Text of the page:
Colin Barrett’s Young Skins is the latest debut short story collection from Stinging Fly Press to garner a lot of attention and plaudits. And once again, Stinging Fly has launched a young writer well worth reading.
Young Skins opens with two guys in a pub, and most of the stories in this collection revolve around a similar dynamic. Sharing pints makes individuals reflective and these stoic, silent men open up as much as they can, which is very little, over a few drinks. The type of character that inhabits these stories is the twenty- or thirty-something small-town Irish Catholic male, the guy who didn’t have the points to go to college or the guts to flee to Australia, the man who stayed where he grew up because he had few other choices or else was deathly afraid of change. Colin Barrett knows these people inside out.
These young skins mostly engage in petty crime and deal with the problems of having dated or slept with ever local woman in their age group by a early age with an assumed bravado and appearance of equilibrium they don’t really feel. The sad truth is, they don’t have the imagination or self-confidence for any other life. The older men who appear in these stories are mainly criminals, bachelor farmers, or haunted alcoholics, not people to inspire anyone to change their ways or offer a map towards a different life.
On the surface there’s a sameness to these stories in a similar way that Kevin Barry’s stories can appear superficially similar, revolving around semi-criminal young men looking for a good time and not overly troubled by talkative consciences. While Barry elevates his tall tales to high art with narrative pizzaz and black humor, Barrett’s stories revolve around moments of uncomfortable reflection where the opportunity for a man to change his life appears for the briefest of moments: A sidekick finds himself the center of attention for two girls; two men meet after many years at the funeral of a woman they both loved; a big man about town has to deal with his on-again-off-again girlfriend getting engaged to somebody else; and, a criminal enforcer tries to help his boss out of a tough spot.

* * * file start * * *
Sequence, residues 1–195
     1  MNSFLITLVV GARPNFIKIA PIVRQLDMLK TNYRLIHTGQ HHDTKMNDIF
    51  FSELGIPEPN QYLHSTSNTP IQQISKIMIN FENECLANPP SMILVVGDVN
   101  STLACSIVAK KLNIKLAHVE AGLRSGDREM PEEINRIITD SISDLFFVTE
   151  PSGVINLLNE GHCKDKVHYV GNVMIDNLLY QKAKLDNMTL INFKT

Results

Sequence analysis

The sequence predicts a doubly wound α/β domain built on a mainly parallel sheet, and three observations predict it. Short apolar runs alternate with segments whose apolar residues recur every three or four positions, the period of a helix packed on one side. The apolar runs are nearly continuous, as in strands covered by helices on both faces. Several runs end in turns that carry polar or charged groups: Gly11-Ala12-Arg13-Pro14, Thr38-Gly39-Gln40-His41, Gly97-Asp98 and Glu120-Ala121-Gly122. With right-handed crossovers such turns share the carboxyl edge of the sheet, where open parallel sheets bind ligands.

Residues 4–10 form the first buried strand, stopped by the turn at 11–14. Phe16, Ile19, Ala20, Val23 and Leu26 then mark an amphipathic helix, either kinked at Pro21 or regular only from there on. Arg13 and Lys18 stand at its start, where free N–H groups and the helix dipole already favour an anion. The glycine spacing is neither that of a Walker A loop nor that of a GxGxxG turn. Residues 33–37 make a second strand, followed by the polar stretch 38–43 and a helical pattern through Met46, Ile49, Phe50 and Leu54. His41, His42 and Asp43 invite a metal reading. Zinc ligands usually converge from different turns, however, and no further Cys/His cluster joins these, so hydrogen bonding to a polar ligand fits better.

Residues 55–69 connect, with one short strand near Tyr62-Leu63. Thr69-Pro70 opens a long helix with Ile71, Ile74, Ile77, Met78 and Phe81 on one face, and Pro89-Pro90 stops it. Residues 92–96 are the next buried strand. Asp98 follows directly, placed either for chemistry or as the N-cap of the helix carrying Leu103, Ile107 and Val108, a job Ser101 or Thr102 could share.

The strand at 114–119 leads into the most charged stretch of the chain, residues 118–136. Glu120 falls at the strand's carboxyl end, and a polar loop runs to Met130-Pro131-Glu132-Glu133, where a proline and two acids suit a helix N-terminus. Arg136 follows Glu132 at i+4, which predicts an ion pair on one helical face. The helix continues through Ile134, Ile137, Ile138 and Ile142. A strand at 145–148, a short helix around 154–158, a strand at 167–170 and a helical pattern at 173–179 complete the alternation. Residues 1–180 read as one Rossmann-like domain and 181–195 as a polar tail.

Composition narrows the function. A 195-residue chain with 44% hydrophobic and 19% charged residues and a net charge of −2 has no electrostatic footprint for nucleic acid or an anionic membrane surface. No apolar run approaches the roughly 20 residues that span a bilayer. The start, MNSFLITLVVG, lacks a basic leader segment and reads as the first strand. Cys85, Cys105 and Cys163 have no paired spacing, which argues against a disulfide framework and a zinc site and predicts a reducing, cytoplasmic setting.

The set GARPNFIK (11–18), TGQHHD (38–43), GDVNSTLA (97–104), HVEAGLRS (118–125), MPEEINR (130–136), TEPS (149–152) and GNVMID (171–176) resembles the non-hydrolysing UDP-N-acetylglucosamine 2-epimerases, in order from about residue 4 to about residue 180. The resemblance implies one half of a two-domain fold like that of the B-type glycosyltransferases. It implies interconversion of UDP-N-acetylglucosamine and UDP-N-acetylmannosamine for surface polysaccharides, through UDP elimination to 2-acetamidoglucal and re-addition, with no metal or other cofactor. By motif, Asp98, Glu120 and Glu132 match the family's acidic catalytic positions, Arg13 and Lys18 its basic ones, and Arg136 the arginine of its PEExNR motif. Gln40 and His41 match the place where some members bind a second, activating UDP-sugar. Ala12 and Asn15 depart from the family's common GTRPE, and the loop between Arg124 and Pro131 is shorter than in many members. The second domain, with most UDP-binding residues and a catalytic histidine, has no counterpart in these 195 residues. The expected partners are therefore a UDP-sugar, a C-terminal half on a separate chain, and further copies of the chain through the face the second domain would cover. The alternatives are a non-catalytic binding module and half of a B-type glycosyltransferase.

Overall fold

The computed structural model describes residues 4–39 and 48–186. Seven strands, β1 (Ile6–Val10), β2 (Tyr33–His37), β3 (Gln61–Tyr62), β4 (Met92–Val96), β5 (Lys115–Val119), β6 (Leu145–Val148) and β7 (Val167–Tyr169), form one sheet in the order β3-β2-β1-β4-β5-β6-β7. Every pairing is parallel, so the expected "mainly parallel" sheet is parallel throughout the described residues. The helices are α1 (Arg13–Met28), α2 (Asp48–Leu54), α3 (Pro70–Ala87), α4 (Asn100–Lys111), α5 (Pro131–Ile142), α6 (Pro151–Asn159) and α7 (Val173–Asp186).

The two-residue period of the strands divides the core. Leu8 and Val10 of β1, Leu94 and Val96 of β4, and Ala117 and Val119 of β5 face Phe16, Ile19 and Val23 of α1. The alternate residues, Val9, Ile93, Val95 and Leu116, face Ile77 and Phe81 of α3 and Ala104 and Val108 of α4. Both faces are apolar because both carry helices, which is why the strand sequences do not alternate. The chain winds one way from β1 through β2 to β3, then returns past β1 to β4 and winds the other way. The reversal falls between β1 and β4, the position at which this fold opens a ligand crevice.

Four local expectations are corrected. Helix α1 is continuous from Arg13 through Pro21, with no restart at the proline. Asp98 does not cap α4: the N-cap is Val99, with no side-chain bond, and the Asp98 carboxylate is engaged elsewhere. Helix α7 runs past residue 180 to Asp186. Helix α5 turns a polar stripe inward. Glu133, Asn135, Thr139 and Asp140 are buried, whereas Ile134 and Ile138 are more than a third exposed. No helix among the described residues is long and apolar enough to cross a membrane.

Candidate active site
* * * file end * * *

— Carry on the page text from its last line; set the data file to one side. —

The long story “Calm With Horses,” is the most-ambitious, telling the story of two local tough guys who run the weed trade in one small town (all the stories in this collection are set in the same fictional small town). Arm, the muscle, attempts to inhabit the shape of a regular person, living at home with his parents, helping his estranged girlfriend look after their autistic child, and generally keeping his criminal activities strictly separate from the veneer of his “civilian” life. When he develops an interest in a woman who runs the animal therapy program his son attends, the possibility of change appears. This woman is an outsider, new to town, and he enjoys spinning the public version of his life story to her, you can see he almost believes it himself.
However, his boss and long-time buddy Dympna believes himself to be in a tight spot with his two crazy uncles, reclusive farmers who grow the weed Dympna sells. Arm impulsively tries to solve Dympna’s problem, but instead sets a murderous chain of events in process that will destroy any slim chance he has of leaving his criminal life behind.
Like the other stories in this volume, “Calm with Horses” shows that Barrett is an astute chronicler of the small-town Irish male, he understands the different pressures felt by men as they age, and the isolation felt when they remain single while their cohort marries and has children. He’s also a dynamite writer, able to describe alienation and the repetitiveness of small-town life without letting the writing become pedestrian — although there were a couple of times when I was jarred out from under the story’s spell because the writing was far more playful and the language much more colorful than the stoic characters it was describing. I know that may sound contradictory, but for the most part Barrett walks that fine line flawlessly.
While I enjoyed these stories immensely and feel the book wholly justifies the ecstatic reviews, I look forward to seeing Colin Barrett bring his focus to bear on more-varied subject matter and a larger range of character types in the future.
Stinging Fly is a fabulous magazine of new writing published in Dublin, and a small press that publishes some of the most exciting young Irish writers, including Colin Barrett.
If you enjoyed Colin Barrett’s stories, you should check out Kevin Barry’s latest collection, Dark Lies the Island…
Young Skins has been nominated for the 2014 Frank O’Connor Short Story Award.
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